Brian Dykstra is working hard to turn ranting into a new genre, and if he succeeds comedy may not be safe. When his compulsive characters find the right words and rhythm, their verbal flights take off in psychological, political, and just plain pathological directions—leaving some badly skewered subjects in their wake.
That Damn Dykstra (the boxed set) makes an evening out of eight one-acts, slams, and monologues, some of which are performed by the actor-playwright. Dykstra usually gives his sketches simple foundations: roommates debate how to paint the patio furniture; women skewer a common ex in a clinic waiting room; actors argue about a performance. But each scene soon escalates through looping meta-logic and fast talk, frequently rising into an obsessive-compulsive delirium.
What’s the difference between designating a stairway “out of service” and “out of order”? A middle-management woman, denied access, wants to know. She interrogates a security guard, and in the ensuing conversation they riff on servitude, servicing, and the “service economy,” among countless other fine points. Elsewhere Dykstra’s contentious creatures argue over “primary” versus “base coats” of paint, wonder if they can describe a mosaic as “Mexican-y,” and catalog insults after a catfight (“You said ‘witches’ and followed it up with ‘wenches’?”).
Director Margarett Perry bookends the comic sequences with two solo rants performed by the author (who also regales the audience halfway through with his cranky thoughts about the production and its unfortunate titling). Dykstra opens with a slam in lyrical free fall, in which he spins the tale of Jimmy Jack Rude’s come-ons to a Mean Queen. In red trench coat and wraparound shades, Dykstra nods to each character as he rides the rhymes; as Jimmy whispers entreaties into the Queen’s ears, Dykstra glides into a soft scat and the word flow feels unstoppable. He closes the show with a jarringly topical solo, returning the rant to its angry primal form. With indignation and disgust Dykstra exhorts his audience to “Just Say No” to “Enron fucks,” “couch-potato thighs,” and “the narcotic of imported crude.”
A few scenes stretch beyond their natural life span, but saying that Dykstra overwrites would be missing the point: By definition a rant courts excess. In the best sketches Dykstra displays striking comic powers: His people are both tortuously rational and obsessively doting, and he often builds their conjectures into absurd and hilarious dimensions. An early sequence, pitting a would-be environmentalist against an apparently insensitive lout, even brings to mind Shakespeare’s cunning clown scenes; in amicable but competitive verbal sparring, the jester twists his challenger’s words and triumphs. When the writing occasionally loosens elsewhere, the neuroses Dykstra dwells on can come across as standard Seinfeld-like harping on ordinary minutiae (as in a dialogue about watching paint dry and water boil). But when Dykstra trains his accusatory eye and ear on the smug fools among us, he can make you think as hard as you laugh; as he asserts at the close, “I’m here to tell/they’re going to hell.”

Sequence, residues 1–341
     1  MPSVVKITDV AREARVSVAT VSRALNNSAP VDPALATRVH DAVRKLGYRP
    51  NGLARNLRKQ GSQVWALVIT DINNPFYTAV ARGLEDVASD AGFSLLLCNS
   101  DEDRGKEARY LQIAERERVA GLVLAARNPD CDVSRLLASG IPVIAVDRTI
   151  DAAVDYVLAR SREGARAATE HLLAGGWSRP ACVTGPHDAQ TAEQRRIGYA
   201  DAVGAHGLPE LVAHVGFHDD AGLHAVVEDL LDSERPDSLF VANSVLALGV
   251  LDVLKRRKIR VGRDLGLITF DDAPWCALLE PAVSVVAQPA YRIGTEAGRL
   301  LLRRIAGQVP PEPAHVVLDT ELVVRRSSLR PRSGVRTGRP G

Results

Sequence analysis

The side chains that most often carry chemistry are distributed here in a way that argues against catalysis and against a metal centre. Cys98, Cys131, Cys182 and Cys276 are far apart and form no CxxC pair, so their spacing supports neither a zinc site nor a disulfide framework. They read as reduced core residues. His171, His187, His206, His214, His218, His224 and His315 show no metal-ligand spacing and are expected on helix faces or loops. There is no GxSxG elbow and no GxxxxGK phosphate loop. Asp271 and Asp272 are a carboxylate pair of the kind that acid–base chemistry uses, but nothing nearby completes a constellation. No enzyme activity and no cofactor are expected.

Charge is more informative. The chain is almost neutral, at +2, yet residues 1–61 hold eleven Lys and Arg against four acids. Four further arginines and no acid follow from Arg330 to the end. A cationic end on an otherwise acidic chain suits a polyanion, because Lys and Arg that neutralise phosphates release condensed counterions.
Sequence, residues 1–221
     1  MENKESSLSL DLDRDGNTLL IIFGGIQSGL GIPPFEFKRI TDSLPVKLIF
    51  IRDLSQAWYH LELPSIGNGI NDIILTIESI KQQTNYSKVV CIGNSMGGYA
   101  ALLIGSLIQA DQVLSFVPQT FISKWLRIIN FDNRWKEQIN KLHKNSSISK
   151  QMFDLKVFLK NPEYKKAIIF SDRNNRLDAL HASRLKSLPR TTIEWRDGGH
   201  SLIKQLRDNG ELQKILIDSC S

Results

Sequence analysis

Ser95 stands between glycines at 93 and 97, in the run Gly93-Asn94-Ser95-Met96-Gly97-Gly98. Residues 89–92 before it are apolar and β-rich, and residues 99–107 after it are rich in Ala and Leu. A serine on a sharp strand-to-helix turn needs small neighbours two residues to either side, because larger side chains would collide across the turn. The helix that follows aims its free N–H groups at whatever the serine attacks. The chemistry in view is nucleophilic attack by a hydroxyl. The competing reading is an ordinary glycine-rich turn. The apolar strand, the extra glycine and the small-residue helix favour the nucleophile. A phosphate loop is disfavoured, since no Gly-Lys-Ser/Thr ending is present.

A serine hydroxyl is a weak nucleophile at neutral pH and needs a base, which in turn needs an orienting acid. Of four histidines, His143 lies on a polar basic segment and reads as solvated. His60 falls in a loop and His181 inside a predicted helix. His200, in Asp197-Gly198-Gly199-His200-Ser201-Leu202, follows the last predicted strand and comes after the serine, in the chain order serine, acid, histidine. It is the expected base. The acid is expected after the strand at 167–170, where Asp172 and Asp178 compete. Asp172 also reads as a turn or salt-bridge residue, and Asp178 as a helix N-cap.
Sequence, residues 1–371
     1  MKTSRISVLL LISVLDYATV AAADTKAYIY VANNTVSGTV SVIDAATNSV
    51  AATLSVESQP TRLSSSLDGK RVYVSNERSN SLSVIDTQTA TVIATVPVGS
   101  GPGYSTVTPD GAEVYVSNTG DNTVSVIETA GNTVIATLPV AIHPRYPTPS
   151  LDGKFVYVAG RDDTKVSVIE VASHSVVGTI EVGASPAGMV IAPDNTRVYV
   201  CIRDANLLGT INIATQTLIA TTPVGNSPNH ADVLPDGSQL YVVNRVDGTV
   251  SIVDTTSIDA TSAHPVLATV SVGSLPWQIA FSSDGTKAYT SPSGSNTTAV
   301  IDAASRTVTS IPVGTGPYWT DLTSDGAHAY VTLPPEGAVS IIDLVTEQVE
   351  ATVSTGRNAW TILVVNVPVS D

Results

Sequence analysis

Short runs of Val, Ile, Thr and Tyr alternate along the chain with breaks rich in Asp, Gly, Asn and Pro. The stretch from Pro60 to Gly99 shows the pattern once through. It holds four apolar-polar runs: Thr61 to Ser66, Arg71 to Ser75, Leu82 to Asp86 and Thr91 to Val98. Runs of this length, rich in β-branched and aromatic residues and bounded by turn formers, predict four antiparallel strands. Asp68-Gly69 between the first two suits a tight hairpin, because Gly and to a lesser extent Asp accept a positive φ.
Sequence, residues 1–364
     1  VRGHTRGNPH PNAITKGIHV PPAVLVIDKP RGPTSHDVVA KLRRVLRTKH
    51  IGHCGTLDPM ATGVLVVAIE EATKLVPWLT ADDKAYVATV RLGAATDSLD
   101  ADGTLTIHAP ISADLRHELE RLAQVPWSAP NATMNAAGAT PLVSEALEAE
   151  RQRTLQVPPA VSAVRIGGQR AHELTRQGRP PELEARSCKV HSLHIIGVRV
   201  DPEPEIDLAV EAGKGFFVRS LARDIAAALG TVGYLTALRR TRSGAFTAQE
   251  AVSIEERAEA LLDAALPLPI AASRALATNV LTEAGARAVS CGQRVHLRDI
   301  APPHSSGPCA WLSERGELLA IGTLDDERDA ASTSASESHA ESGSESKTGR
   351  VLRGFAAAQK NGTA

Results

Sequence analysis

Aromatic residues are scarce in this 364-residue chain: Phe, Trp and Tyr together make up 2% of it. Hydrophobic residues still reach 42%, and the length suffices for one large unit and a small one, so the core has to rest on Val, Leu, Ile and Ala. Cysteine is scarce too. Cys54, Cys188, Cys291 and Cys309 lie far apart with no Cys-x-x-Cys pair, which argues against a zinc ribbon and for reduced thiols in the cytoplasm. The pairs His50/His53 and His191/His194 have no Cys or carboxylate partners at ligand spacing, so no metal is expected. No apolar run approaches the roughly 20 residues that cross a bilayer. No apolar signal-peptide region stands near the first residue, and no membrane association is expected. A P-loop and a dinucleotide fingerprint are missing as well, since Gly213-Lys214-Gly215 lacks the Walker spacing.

Danish playwright Morti Vizki also writes in verbal swells, though he has darker visions in mind. Mark of Cain, written in 1996 and making its U.S. premiere, transposes the biblical myth of homicidal brotherhood into a murky modern setting, while keeping it shrouded in a mist of abstraction.
Cain and Abel, who describe themselves as “sons of celebrities,” lament not living in Paradise (“Mom and Dad always speak so highly of it”) and having to farm for a living. They alternate between professing brotherly love and resenting each other’s whining; though given to making ponderous pronouncements about Yahweh and the apocalyptic future, they mostly just care about parties, birthday presents, and getting laid. Lucifer, a femme fatale in a red-and-black suit, arrives at the brothers’ homestead from the bowels of hell. Her task is “to swallow up all their oxygen,” by insinuating her way into their lives and igniting their primal desires; she makes them feel powerful, pitting brother against brother and pointing the course of history toward Auschwitz (“built by your kin for my kin,” as Abel prophesies).
Vizki crams the monologues with opaque reflections that never quite coalesce meaningfully; in director Jens Svane Boutrup’s abstruse translation, Cain and Abel say things like “Couldn’t I be the one who wanted his depth?” The text seems to call for a production either emphasizing the domestic implosion caused by the stranger, or contrasting the brothers’ frustrated exile with Paradise behind them. Unfortunately neither arc emerges from the rudimentary production here; Boutrup needs to anchor the play’s fecundity by creating a more tangible landscape with his small stage. (The production’s design gives us little to latch onto.) Bolder spatial choices might also have helped the cast find surer footing: Sarah Gifford makes Lucifer’s devilish intentions clear enough, but Vincent Sagona (as Cain) and Michael Evans Lopez (Abel) don’t seem connected to their grandiloquent apprehensions about salvation and the ultimate fate of humanity. Sometimes a production needs to ground itself on the stage before rising into lofty abstraction.